# Example Tests¶

What follows is a commented example of some tests in a single file demonstrating many of the Test Format features. See Loading and Running Tests for the Python needed to integrate with a testing harness.

# Fixtures can be used to set any necessary configuration, such as a
# persistence layer, and establish sample data. They operate per
# file. They are context managers, each one wrapping the next in the
# sequence.

fixtures:
- ConfigFixture
- SampleDataFixture

# There is an included fixture named "SkipAllFixture" which can be
# used to declare that all the tests in the given file are to be
# skipped.

# Each test file can specify a set of defaults that will be used for
# every request. This is useful for always specifying a particular
# header or always requiring SSL. These values will be used on every
# test in the file unless overriden. Lists and dicts are merged one
# level deep, except for "data" which is copied verbatim whether it
# is a string, list or dict (it can be all three).

defaults:
ssl: True
x-my-token: zoom

# The tests themselves are a list under a "tests" key. It's useful
# to use plenty of whitespace to help readability.

tests:

# Each request *must* have a name which is unique to the file. When it
# becomes a TestCase the name will be lowercased and spaces will
# become "_". Use that generated name when limiting test runs.

- name: a test for root
desc: Some explanatory text that could be used by other tooling

# The URL can either be relative to a host specified elsewhere or
# be a fully qualified "http" or "https" URL. *You* are responsible
# for url-encoding the URL.

url: /
method: GET

# If no status or method are provided they default to "200" and
# "GET".

# Instead of explicitly stating "url" and "method" you can join
# those two keys into one key representing the method. The method
# *must* be uppercase.

- name: another test for root
desc: Same test as above but with GET key
GET: /

# A single test can override settings in defaults (set above).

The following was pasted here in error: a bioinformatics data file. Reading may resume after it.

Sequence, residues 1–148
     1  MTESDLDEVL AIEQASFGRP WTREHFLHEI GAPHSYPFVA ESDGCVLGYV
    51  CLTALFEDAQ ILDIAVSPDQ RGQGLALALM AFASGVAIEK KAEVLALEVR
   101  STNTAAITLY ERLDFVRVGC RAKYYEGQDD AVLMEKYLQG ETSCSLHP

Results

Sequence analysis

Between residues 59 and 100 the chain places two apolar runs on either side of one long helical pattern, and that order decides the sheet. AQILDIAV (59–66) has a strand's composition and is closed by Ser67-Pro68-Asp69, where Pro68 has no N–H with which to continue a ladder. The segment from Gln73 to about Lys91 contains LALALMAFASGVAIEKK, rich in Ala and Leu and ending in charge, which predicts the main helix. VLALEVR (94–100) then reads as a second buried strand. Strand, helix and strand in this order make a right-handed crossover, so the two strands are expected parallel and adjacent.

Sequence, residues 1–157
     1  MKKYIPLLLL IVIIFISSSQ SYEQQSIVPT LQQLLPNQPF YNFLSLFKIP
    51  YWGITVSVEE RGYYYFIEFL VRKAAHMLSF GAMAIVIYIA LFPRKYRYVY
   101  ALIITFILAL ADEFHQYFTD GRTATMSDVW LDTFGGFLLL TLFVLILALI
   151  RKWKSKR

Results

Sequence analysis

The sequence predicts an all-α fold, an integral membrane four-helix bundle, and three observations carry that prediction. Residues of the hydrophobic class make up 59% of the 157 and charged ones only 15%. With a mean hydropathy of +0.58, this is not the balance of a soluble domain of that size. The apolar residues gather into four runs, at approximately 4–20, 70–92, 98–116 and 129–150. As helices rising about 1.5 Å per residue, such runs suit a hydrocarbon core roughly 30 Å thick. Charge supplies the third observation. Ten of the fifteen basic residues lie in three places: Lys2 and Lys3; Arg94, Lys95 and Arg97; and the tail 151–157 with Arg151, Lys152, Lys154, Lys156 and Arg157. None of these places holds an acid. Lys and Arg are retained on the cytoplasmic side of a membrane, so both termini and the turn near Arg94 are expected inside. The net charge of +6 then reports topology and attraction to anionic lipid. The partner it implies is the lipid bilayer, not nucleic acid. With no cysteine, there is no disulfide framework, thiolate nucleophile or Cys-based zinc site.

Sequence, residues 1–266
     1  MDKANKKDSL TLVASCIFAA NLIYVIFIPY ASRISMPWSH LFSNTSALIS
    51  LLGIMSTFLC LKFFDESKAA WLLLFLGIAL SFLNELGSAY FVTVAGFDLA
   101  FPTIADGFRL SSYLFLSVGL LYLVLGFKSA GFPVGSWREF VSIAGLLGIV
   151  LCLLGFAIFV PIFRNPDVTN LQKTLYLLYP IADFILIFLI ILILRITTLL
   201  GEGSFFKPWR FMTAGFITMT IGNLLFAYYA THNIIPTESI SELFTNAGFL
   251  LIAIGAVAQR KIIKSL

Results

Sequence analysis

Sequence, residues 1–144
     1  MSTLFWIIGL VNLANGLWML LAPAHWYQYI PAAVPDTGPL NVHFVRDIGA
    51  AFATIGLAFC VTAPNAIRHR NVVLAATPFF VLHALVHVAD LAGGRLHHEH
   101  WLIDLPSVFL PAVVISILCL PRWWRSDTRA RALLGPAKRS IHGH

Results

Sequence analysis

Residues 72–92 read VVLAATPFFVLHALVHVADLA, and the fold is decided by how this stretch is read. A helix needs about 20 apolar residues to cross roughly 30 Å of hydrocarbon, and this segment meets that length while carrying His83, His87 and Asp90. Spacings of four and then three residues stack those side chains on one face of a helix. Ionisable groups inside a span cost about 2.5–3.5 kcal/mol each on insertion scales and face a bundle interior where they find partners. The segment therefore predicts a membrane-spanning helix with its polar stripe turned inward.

- name: root without ssl redirects
ssl: False
GET: /
status: 302

# When evaluating response headers it is possible to use a regular
# expression to not have to test the whole value. Regular expressions match
# anywhere in the output, not just at the beginning.

location: /^https/

# By default redirects will not be followed. This can be changed.

- name: follow root without ssl redirect
ssl: False
redirects: True
GET: /
status: 200 # This is the response code after the redirect.

# URLs can express query parameters in two ways: either in the url
# value directly, or as query_parameters. If both are used then
# query_parameters are appended. In this example the resulting URL
# will be equivalient to
# /foo?section=news&article=1&article=2&date=yesterday
# but not necessarily in that order.

- name: create a url with parameters
GET: /foo?section=news
query_parameters:
article:
- 1
- 2
date: yesterday

# Request headers can be used to declare media-type choices and
# experiment with authorization handling (amongst other things).
# Response headers allow evaluating headers in the response. These
# two together form the core value of gabbi.

- name: test accept
GET: /resource
accept: application/json
content-type: /application/json/

# If a header must not be present in a response at all that can be